“Ted was never afraid of a challenge. He was not shy about pushing the envelope. He was expert at getting people to do what they didn’t know they wanted to do.” Patsy Thomas said. “He invested himself and Lena Pope as much as he asked from others. There are so many examples of Ted’s deal-making which always included win-wins for everybody and resulted in positive community change. He was indeed a legend in his own time.”

“Ted Blevins believed in the potential and goodness of all the children he supported and guided, and in the people who worked alongside him at Lena Pope,” Judge Don Cosby, a former Lena Pope board member, said in the Lena Pope tribute.

“Ted was the rare and perfect combination of a knowledgeable CEO and a very caring man with a heart for children,” said Marty Leonard, also a longtime Lena Pope Board member.

Blevins oversaw the development of Lena Pope’s first alternative education program, developed with support from the Sid Richardson, Burnett-Tandy and Amon G. Carter Foundations.

By the late 1980s, the Fort Worth ISD alternative education program had an 86-93% success rate in keeping youth from being incarcerated. This alternative education program laid the groundwork for present-day programs working with the juvenile justice system.

Family Matters, another program created during Blevins’ tenure, included a 24-hour crisis hotline, counseling, life skills training, referral services, and case management.

Lena Pope’s present counseling services for children and adults can be traced back to this program.

“Ted was an innovative and thoughtful leader, and we owe much of where we are today to his leadership and vision” Lena Pope’s current CEO Ashley Elgins said in the website post.

Lena Pope staff who worked with Blevins said he was well known for saying, “Once a Lena Pope Kid, always a Lena Pope Kid,” and that he could never turn down a request for a camp scholarship or help with tuition or books from a former Lena Pope kid.

“Ted made sure all children and families of Lena Pope had the necessary care and support they needed, and he also gave personal, fatherly care to many children in his own home,” Leonard said. “He was an exceptional human being, and many have benefited from his fostering and nurturing.”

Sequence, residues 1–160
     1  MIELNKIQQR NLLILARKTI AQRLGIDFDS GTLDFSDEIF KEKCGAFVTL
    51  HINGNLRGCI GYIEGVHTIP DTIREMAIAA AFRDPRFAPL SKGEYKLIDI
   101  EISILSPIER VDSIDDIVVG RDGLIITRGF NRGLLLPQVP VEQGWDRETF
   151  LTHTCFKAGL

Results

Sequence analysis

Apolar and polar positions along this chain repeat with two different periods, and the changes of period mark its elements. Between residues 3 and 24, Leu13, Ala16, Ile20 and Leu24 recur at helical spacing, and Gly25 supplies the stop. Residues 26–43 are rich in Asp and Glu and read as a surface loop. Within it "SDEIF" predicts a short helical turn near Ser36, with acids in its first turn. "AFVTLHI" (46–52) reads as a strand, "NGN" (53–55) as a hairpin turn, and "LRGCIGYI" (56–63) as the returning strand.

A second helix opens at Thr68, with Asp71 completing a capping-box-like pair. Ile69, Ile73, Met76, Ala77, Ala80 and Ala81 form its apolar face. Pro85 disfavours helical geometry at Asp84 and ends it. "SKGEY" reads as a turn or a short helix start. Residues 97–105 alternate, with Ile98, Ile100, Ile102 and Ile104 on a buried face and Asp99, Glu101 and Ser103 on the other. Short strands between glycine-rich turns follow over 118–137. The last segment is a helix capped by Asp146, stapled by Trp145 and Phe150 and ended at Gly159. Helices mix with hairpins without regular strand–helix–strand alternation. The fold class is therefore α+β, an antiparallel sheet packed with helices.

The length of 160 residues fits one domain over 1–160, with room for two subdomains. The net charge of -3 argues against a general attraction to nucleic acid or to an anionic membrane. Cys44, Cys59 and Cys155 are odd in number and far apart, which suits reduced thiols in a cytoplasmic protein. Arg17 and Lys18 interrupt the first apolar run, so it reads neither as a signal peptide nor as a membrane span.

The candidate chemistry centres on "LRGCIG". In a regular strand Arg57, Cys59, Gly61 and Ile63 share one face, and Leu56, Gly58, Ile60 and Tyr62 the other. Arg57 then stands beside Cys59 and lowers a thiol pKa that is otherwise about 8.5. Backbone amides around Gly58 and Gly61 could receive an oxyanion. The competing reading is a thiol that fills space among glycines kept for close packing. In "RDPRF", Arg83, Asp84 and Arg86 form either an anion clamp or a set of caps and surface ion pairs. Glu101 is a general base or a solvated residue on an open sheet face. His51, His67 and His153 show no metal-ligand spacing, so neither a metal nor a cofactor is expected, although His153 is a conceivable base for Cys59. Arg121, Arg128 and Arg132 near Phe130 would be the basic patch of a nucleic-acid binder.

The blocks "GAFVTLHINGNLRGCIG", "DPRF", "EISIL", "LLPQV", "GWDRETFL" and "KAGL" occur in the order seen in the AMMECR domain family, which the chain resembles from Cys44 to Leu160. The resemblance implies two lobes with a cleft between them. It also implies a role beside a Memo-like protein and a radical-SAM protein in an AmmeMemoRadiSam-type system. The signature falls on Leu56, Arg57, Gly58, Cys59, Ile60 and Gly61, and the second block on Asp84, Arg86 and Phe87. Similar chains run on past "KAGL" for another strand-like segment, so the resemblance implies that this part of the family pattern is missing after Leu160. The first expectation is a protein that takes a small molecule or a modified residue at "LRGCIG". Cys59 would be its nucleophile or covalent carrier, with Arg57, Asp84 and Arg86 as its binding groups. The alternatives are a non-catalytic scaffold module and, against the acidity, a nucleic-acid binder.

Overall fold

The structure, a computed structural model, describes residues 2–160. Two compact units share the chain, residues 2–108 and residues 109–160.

Blevins also implemented first of their kind research components, tracking clients to see what the actual outcomes were years down the road.

“He was never married to any one way to care for the kids and as additional research was performed, he guided us away from legacy programs and into new ways to serve our community. He wanted to use evidence-based practices and hard data to make decisions and always made sure to be a good steward of our donors’ dollars to achieve the best outcomes for families and our community,” said Frosty Tempel, a Lena Pope Foundation board member.

Blevins served on many boards and was a member of countless associations focused on providing quality care to children including Texas Alliance of Child and Family Services, North Texas Behavioral Healthcare Network Inc., Tarrant County Youth Collaboration, National Teaching-Family Association, Tarrant County Children’s Mental Health Project, and many others.

He received many awards for his work on behalf of children and families, including the Hercules Award from United Way of Tarrant County, Friend of Youth Award, and the Health Care Heroes Award. Lena Pope honored Blevins with the Garcia-Lancarte Award in recognition for meritorious support and devotion to Lena Pope’s mission in 2019.

The organization said Lena Pope is creating the Ted Blevins Memorial Client Assistance Endowment to honor his legacy and his heart for children.

This endowment will provide a range of support for the children and families served by Lena Pope – specifically, the funds will go directly to client assistance and enrichment, the organization said.

Includes information from Lena Pope Home and Business Press archives.